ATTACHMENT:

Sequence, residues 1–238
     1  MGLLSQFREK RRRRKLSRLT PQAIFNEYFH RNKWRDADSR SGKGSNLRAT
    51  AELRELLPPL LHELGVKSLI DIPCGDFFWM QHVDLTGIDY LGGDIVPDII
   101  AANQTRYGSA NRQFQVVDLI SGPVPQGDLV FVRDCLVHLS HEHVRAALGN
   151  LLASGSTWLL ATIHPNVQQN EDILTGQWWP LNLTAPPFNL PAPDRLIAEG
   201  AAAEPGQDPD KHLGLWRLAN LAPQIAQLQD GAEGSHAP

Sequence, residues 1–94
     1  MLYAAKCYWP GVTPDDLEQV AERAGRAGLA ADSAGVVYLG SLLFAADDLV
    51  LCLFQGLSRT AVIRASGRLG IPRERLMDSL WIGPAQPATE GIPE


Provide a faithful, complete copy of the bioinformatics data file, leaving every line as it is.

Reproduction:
Sequence, residues 1–238
     1  MGLLSQFREK RRRRKLSRLT PQAIFNEYFH RNKWRDADSR SGKGSNLRAT
    51  AELRELLPPL LHELGVKSLI DIPCGDFFWM QHVDLTGIDY LGGDIVPDII
   101  AANQTRYGSA NRQFQVVDLI SGPVPQGDLV FVRDCLVHLS HEHVRAALGN
   151  LLASGSTWLL ATIHPNVQQN EDILTGQWWP LNLTAPPFNL PAPDRLIAEG
   201  AAAEPGQDPD KHLGLWRLAN LAPQIAQLQD GAEGSHAP

Sequence, residues 1–94
     1  MLYAAKCYWP GVTPDDLEQV AERAGRAGLA ADSAGVVYLG SLLFAADDLV
    51  LCLFQGLSRT AVIRASGRLG IPRERLMDSL WIGPAQPATE GIPE